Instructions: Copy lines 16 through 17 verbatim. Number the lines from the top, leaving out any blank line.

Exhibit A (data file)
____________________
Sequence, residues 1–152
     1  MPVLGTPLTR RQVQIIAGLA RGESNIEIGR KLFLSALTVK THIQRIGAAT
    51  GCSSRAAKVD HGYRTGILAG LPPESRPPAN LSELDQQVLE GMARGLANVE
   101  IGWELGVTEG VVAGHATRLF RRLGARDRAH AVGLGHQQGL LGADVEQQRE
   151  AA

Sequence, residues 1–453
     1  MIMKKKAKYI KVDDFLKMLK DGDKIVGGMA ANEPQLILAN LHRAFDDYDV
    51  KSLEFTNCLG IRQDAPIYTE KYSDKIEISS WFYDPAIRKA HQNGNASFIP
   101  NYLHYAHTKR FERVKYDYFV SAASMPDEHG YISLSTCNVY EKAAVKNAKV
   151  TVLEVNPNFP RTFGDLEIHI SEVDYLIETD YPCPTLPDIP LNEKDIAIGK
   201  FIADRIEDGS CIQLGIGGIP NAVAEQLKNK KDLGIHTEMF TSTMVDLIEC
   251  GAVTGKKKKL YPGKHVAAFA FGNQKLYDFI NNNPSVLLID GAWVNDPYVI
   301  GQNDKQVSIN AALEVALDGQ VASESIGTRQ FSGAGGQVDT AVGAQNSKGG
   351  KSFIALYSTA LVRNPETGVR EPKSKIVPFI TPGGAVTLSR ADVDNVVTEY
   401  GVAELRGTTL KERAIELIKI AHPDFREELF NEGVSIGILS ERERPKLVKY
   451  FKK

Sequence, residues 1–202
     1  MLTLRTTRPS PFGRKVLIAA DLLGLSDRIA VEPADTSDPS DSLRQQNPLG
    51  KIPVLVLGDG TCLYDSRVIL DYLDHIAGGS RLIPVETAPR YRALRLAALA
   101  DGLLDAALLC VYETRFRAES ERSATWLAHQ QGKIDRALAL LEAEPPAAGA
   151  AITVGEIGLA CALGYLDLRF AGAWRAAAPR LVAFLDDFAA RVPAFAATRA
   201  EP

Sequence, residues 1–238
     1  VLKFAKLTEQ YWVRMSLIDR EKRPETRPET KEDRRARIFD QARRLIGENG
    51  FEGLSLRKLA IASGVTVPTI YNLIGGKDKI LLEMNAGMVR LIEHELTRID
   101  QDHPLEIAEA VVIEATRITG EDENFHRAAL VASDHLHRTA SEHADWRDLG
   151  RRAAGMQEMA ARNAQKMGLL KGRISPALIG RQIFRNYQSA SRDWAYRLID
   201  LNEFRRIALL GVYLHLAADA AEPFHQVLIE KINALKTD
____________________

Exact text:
   451  FKK

Sequence, residues 1–202